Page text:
The FDA indication for flibanserin is highly restricted. It’s indicated only if there is low sexual desire without any clear cause. Thus, if the patient is depressed or anxious, and you think that may be contributing toward the low desire, it’s off-label. If there’s a medical condition, like cancer, causing the problem, it’s off-label. It's undoubtedly true that in the real world, doctors are going to be prescribing the drug for these off-label populations and many more. That’s no different from most other meds we prescribe. In psychiatry, for example, almost all the medications we prescribe for children are off-label, because there are so few meds with FDA approval.

5. Adriane Fugh Berman said it best as quoted by the New York Times: Flibanserin is a “mediocre aphrodisiac with scary side effects.”
 
But often in medicine, that’s exactly what we have to work with: mildly effective medications with side effects. Flibanserin may be mediocre, but it’s not ineffective. I look forward to cautiously prescribing it to those women in my practice who might benefit from it. Time will tell whether it becomes popular. If it’s as mediocre as the data suggests, patients won’t refill their prescriptions—in which case the market will quietly close the door on the little pink pill.


Wednesday, August 5, 2015

Vyvanse: Is History Repeating Itself?

One of the benefits of having the Carlat World Headquarters here in beautiful Newburyport, Massachusetts is that we get to work next door to an iconic antiques barn called Oldies. It's a wonderful stockpile of odds and ends that range from decommissioned lobster traps to faded movie posters.


The other day I came across an old issue of LIFE Magazine with a cover story on “The Dangerous Diet Pills: How Millions of Women are Risking their Health with Fat Doctors.” The date? January 26, 1968, which was smack dab in the middle of the amphetamine epidemic that prompted Congress to pass the bill creating our current system of scheduled, and controlled medications.


What, if anything, does this issue of LIFE teach us about the potential dangers of Vyvanse’s recent approval for binged eating disorder? This “exclusive report” was based on investigative journalist Susan McBee’s undercover visits to 10 “fat doctors.” She was given cursory exams and, although she was not overweight (5’5”, 125 pounds), virtually every physician prescribed her various pills, including amphetamines, barbituates, sex hormones, and diuretics. One office insisted she pay cash--no personal checks--in order to receive the pills.

How is this nearly 50-year-old article relevant to the age of Vyvanse? This was a story of unscrupulous doctors running pill mills for women who wanted to lose weight. The diagnostic process--if there was one--was sloppy and all-inclusive. If you came to one of these doctors requesting amphetamine, you were assured of getting a script, regardless of your diagnosis.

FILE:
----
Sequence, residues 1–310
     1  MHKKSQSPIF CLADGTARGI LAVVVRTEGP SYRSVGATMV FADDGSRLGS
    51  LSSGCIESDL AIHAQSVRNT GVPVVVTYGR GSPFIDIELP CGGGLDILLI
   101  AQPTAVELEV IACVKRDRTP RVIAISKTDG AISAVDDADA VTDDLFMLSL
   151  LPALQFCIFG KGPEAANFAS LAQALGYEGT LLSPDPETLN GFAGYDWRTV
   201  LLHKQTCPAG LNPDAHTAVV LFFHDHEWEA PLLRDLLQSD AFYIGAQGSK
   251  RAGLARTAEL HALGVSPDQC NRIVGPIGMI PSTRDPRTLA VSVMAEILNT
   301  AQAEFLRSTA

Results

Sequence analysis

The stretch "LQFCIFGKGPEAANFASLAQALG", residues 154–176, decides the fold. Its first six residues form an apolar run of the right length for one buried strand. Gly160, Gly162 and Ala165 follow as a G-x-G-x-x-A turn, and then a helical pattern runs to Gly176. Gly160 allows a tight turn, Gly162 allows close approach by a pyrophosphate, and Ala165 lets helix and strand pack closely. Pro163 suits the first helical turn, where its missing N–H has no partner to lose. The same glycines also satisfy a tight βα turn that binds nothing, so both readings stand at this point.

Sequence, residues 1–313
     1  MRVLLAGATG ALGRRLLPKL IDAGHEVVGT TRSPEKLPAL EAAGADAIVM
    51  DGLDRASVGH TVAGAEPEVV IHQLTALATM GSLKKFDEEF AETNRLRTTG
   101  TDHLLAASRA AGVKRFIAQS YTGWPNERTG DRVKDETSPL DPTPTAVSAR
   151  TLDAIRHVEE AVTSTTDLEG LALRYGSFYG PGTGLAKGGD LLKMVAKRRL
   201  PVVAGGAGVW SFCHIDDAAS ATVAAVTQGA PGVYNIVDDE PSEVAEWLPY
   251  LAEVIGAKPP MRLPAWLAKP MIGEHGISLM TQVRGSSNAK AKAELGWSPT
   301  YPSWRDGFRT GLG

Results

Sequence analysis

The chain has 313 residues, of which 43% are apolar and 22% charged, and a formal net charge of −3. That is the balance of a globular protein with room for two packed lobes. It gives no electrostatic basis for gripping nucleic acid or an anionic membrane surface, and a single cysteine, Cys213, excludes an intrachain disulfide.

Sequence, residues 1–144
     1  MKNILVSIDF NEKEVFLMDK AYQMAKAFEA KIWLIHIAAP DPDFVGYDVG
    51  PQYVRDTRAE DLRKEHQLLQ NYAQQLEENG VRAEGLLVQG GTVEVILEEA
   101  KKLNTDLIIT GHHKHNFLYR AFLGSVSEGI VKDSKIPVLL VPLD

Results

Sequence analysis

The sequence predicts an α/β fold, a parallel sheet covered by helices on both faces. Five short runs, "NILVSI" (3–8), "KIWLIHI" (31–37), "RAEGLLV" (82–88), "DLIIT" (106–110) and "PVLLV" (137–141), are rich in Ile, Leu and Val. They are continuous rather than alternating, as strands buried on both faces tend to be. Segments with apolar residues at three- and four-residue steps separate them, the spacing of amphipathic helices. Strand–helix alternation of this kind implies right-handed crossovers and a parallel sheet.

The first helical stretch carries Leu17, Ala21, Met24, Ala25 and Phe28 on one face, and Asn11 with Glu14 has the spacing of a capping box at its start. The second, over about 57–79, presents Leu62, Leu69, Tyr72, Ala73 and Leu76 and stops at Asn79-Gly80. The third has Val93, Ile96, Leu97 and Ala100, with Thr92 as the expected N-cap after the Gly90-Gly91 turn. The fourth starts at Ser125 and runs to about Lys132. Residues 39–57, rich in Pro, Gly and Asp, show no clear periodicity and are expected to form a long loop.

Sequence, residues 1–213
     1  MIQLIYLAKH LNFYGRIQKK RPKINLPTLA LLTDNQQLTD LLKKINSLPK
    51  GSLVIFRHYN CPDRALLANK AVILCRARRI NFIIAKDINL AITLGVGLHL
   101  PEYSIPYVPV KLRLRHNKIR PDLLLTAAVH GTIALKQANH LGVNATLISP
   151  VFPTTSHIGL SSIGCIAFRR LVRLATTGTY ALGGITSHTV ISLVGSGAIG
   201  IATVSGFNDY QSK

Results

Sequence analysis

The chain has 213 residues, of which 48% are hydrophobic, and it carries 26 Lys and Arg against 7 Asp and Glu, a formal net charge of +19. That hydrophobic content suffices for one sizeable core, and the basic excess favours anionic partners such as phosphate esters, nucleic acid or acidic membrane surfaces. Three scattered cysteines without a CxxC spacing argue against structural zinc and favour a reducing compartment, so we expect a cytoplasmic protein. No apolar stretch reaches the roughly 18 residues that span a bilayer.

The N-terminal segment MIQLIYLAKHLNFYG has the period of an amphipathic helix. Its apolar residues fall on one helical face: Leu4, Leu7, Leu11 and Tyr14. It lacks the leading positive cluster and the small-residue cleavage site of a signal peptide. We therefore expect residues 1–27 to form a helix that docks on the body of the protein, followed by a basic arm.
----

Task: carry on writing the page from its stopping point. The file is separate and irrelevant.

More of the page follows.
As a recent New York Times article shows, history is repeating itself. The Affordable Care Act has a provision requiring coverage of obesity treatment, and doctors are taking advantage of this by opening chains of lucrative weight loss clinics. Some are selling medications directly to patients, such as phentermine, which, like Vyvanse, is an stimulant.

It seems only a matter a time before Vyvanse pops up in the menu of options for patients being seen by the new breed of diet doctors.

Don't get me wrong--Vyvanse is effective for binge eating disorder, as we discussed in our recent CME article (subscribers to The Carlat Psychiatry Report can read it here).

If a patient came to me and said, “Doctor, I’ve heard about Vyvanse for binge eating, and I’d like to try it,” I would carefully ask about their eating habits in order to establish an actual pattern of binge eating. But what if the patient was more of a grazer than a binger? What if I sensed that the patient was simply looking for a weight loss drug and had no binge eating problem at all? I wouldn't prescribe a drug that has a high risk of abuse and diversion.

As was true in 1968, doctors are free to prescribe meds for indications not approved by the FDA. I predict that many women (and men) will be asking for Vyvanse to lose weight, and will walk away with the prescription, whether or not they have BED.

It's been nearly a half century since the LIFE article, and we're still prescribing speed for weight loss Let’s not let it get out of hand.

Wednesday, July 1, 2015